The Industrial Revolution required a higher level of education for professionals who would create industrial innovations.  At the same time, America was becoming urbanized and, due to waves of new immigrants, much more diverse.  Recognizing that higher education increasingly was serving a spectrum of students much broader demographically and vocationally than were served by the classical curriculum, innovators like Dewey, Meiklejohn, and Hutchins determined that General Education was not just about liberating the individual, but about preparing individual students from a broad spectrum of backgrounds to function effectively in society as professionals and citizens. 
            By the 1950s, the idea of General Education as a purposeful and comprehensive curriculum intimately involved in the needs of a democratic society were firmly rooted.  The Truman Commission on Higher Education listed eleven principles or goals for General Education that summed up the function of General Education at mid-century:
·      An ethical code of behavior
·      Informed and responsible citizen solving problems
·      Global interdependence
·      Habits of scientific thought in personal and civic problems
·      Understanding others and expressing one’s self
·      Enjoyment and understanding of literature and the arts
·      The ability to create a satisfying family life
·      The ability to choose a useful and satisfying vocation
·      Developing critical and constructive thinking habits

Still, by the 1980s—when the first impact of the Information Revolution on daily life was beginning to be felt—several national reports decried the disarray in the undergraduate curriculum.  One, sponsored by the National Institutes on Education argued that excessive vocationalism had weakened the ability of a baccalaureate degree to “foster the shared values and knowledge that bind us together as a society” (Malcolm Scully, "U.S. Colleges Not Realizing Their Full Potential," Chronicle of Higher Education, October 24,1984). 
A quarter of a century later, the concerns are just as real, but we have a better sense of how the revolution in information and communications technology is affecting the problem.   We are now a generation into the Information Revolution.  And, just as educators a generation into the Information Revolution grappled with the rise of the “utilitarian university,” we are struggling to understand just what it takes to prepare individuals to thrive as citizens and professionals in a globalized knowledge society.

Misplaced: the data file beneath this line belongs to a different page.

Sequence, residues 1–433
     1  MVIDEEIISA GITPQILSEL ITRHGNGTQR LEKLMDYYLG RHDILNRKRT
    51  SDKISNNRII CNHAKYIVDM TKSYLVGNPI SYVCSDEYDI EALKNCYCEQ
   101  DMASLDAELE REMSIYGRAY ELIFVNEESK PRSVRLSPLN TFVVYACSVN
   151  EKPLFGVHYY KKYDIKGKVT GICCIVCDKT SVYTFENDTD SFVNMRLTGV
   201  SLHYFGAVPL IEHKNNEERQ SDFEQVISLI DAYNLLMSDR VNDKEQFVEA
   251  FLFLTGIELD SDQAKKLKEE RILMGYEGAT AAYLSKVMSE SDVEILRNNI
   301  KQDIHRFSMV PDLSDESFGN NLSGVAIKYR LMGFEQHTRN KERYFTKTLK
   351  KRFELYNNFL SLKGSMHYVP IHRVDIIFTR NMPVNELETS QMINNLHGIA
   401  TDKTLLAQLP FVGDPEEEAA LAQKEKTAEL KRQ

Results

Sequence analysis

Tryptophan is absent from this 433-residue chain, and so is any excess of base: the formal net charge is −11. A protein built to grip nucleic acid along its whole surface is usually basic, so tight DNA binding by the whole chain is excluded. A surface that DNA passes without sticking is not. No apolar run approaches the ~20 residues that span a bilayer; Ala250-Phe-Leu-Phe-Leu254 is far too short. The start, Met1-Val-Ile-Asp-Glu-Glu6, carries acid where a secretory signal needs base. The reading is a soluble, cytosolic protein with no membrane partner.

Drivers of Pedagogical Change
            Several societal factors are driving the need for changes in our approach to General Education.  Prime among these is how the Information Revolution has changed the way we think about knowledge and information.  Today, information is ubiquitously available on the web.   In this environment, education is less about the transfer of already organized knowledge than about how to find and evaluate information and turn it into useable knowledge that can be used to solve problems and provide meaningful insights.  Active inquiry, as a result, becomes both a means and an end of General Education--a core skill of the new curriculum.
The rapidity of change in a global economy is also changing how we work.  Increasingly, work tends to get done by teams—often virtual—teams with members at multiple locations.   This work environment puts greater emphasis on collaboration rather than individual competition.  Similarly, rapid changes in knowledge require an environment of continual, bottom-up innovation.   Collaboration and innovation are both professional and civic skills that need to be taught.   Even on the most informal level—as evidenced by Facebook and Twitter today—students need to develop a social ethos to guide how they interact with social networks so that they can develop and sustain professional, civic, and personal relationships through both face-to-face and virtual networks.
An underlying feature of the Information Society is that technology has removed geography as a delimiting factor in how we live and work in communities.   Members of an Information Society live and work in “distributed communities” (we may need a better term to describe this phenomenon) that accomplish much of their work through technology.  This includes virtual working teams, professional associations, and a wide variety of social networks.   The boundaries of these communities tend to blur, as people include both social and professional contacts in the same network.  Inter-cultural understanding takes on a new immediacy: every culture is potentially present in our virtual communities.  General Education, with its emphasis on educating the student for success within the context of his/her society, can help individuals define how to conduct themselves in these new communities.